Photo Credit: flickr photo by Adach Photo shared under a Creative Commons (BY-SA) license.

After dinner, you’ll definitely feel the need to walk off all that food so take a stroll back to the main Plaza to see it by night in a different light. You’ll find in the majority of Mexican towns and cities that as the day draws to a close and the sun sets, locals flock to the main plazas to walk and socialise with friends and family. Valladolid is no different, by night Plaza Principal buzzes with locals enjoying their evening.

We were there on a Friday night which I think was probably busier than a weeknight but from past experience, I expect it would still be fairly busy any night of the week. Of an evening (especially on the weekend), you may also find street food stalls, and street performers and musicians to entertain you.

Sample Mamey Icecream in Wabi Gelato

Wabi Gelato in Valladolid, Mexico

If you have a sweet-tooth you have to sample another local delicacy – mamey ice cream. Mamey is a fruit with bright orange flesh, said to have a unique taste – creamy and sweet with a complex mix of flavours including almond, pumpkin, and peach. It seems everyone interprets its flavour differently so I was desperate to try it for myself. I’d heard the ice-cream palour Wabi Gelato was THE place to try mamey ice cream, so we spent ages during our after-dinner stroll trying to find it. We were completely unsuccessful and in the end, we gave up. 

All was not lost though and later, as we wandered around we stumbled upon the quaint little ice cream palour on Calle 41. So I did get to try mamey ice cream after all. It was 35 pesos (£1.31) a scoop and was definitely unique. It was quite tasty but I couldn’t put my finger on exactly what the flavour was like. You’ll just have to try it yourself.

Cantina Joyita

You may like to finish your evening off with a drink or two in a traditional Mexican cantina. This was our plan and we’d heard about a lively traditional Mexican cantina, complete with swinging doors called Cantina Joyita. We like trying out local drinking establishments and especially enjoy a beer or two on a Friday night (Engish tradition), so we were disappointed to find Joyita closed that night. It was recommended to us by several people though so if you do pop in there for a drink, or have been there already, we’d love to hear how it was.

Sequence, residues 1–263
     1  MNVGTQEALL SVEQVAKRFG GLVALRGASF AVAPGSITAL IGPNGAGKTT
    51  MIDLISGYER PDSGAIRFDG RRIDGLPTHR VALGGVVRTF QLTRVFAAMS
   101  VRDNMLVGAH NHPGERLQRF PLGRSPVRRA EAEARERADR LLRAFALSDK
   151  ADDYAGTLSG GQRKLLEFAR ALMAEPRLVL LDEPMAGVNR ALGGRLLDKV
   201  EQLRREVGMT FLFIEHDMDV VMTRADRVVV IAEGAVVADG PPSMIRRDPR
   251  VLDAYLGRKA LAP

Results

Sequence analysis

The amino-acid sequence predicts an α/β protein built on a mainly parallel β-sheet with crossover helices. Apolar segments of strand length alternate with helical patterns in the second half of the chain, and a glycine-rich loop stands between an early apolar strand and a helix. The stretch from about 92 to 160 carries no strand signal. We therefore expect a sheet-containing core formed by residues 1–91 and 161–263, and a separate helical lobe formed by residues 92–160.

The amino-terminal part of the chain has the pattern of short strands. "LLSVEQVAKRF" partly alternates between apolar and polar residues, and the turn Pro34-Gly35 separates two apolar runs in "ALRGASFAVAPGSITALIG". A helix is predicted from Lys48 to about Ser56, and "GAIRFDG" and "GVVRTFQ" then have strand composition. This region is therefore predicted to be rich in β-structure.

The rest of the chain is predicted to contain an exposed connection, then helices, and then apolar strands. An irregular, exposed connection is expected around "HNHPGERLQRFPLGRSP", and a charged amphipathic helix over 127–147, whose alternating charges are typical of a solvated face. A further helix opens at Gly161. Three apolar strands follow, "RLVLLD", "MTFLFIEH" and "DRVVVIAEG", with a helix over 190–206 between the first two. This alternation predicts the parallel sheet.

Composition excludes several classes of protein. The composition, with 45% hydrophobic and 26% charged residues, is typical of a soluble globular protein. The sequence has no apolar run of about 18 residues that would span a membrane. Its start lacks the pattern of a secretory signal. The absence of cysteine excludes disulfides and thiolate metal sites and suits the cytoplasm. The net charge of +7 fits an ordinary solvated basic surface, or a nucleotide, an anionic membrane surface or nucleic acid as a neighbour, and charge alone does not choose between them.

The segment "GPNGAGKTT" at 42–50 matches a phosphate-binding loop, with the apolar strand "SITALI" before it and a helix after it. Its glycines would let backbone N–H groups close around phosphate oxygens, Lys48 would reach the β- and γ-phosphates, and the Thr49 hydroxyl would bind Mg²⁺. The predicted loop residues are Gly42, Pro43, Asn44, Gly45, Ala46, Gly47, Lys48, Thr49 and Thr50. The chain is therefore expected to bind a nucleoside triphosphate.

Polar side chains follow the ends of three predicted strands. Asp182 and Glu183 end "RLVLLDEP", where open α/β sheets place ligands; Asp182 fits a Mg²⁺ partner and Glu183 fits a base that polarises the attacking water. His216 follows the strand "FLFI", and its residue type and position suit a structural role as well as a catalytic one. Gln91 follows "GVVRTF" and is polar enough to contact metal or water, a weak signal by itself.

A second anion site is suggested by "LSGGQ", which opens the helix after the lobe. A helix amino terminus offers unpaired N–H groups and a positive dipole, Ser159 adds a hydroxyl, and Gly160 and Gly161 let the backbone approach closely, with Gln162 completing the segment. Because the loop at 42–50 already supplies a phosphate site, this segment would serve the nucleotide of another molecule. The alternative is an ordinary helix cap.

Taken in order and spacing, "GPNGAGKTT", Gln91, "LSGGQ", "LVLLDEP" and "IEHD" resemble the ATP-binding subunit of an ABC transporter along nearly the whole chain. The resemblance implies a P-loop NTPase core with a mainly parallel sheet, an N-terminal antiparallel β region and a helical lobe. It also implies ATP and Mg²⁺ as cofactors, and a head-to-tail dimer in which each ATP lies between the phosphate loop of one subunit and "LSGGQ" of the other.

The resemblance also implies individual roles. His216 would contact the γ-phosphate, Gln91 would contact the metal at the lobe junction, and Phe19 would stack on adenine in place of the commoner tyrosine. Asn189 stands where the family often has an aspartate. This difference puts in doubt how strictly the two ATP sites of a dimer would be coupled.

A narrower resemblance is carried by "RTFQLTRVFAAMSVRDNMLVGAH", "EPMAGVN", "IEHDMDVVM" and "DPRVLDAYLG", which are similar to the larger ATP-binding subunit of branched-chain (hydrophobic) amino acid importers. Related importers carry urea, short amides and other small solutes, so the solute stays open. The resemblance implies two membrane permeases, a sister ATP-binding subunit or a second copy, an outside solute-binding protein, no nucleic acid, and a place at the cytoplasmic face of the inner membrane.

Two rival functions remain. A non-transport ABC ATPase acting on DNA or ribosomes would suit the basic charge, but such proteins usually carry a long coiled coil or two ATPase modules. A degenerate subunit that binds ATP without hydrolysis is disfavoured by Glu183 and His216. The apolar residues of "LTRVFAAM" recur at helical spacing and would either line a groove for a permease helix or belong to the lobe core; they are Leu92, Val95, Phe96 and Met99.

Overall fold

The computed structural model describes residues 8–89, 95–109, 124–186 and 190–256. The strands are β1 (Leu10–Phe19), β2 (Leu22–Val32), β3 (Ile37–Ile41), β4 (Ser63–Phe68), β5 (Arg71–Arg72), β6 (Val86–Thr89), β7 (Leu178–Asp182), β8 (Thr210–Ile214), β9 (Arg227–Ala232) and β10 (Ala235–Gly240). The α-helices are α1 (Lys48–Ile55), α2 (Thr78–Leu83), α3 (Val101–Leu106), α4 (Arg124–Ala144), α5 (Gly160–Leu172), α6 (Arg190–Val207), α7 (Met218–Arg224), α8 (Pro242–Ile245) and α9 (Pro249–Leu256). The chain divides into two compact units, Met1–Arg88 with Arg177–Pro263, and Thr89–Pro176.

Where to Stay in Valladolid

We were hosted for two nights in Valladolid by Casa Hamaca Guesthouse. Read more in our full Product Review Disclosure.

Casa Hamaca Guesthouse

Casa Hamaca Guesthouse in Valladolid, Mexico

Located on the corner of the quiet Parque San Juan within walking distance of the bus station and the main plaza is Casa Hamaca Guesthouse. To reach this beautiful restored Mexican Hacienda you first walk along a wooden pathway through tropical gardens full of swaying palms, leafy tropical plants, flowers and birds. Casa Hamaca has a selection of rooms: twin and king rooms (sleeping two), triple rooms and queen rooms with two queen beds (sleeping four) (two queen beds). These range in price from  $80 USD (£59.96) to $150 USD (£112.43).

When we arrived we were greeted warmly by the owner Denis Larsen who has lovingly restored the hacienda to create the guesthouse it is today. He prides himself on offering a welcoming home from home for his guests; as he says ‘mi casa is su casa’ (‘my home is your home’). We had a quick chat with him and were invited to join him on his daily trip to the local market next morning which we readily accepted. He then introduced us to a member of staff who showed us to our room and gave as all the information we could possibly need for our stay.

King Suite at Casa Hamaca Guesthouse in Valladolid, Mexico

Each room at Casa Hamaca is tastefully decorated with its own theme; each is a work of art in its own right. We stayed in ‘Tree Suite Che Na’, one of the air-conditioned King Suites on the ground floor, leading to the central lounge area. Much to my delight, the decor had an emphasis on the colour green – my favourite colour. I loved the amazing leafy mural at the head of our huge comfy bed.

In the room was everything we needed for a comfortable stay: a bamboo sofa, green soft furnishings, a deck chair, a bamboo sofa and best of all a green hammock – perfect for nap after a busy day sightseeing. If you like to unpack, the room also has a wardrobe and bedside tables so there’s plenty of room for your belongings.

 
Adjoining the bedroom was a big en-suite shower room. It had a good shower, toilet, huge washbasin unit with complimentary toiletries and plenty of fluffy white towels.
 

Restaurant Xocoloco at Casa Hamaca Guesthouse in Valladolid, Mexico

Breakfast, included in our room ratewas served in Restaurant XocoLoco set under a palapa that extended out from the main house. You could either eat there or out on the veranda overlooking the gardens.

 
For guests, breakfast consists of a continental style buffet of fruit, cereal, yoghurt and cakes, one breakfast item off the menu, plus juice and tea or coffee. The first morning we both opted for Huevos (eggs) Casa Hamaca and the second morning, a delicious omelette. Sitting under the palapa enjoying your breakfast, listening to the birds and watching squirrels scurrying in the trees was the perfect start to our days in Valladolid. Non-guests can also drop by and order breakfast from the menu.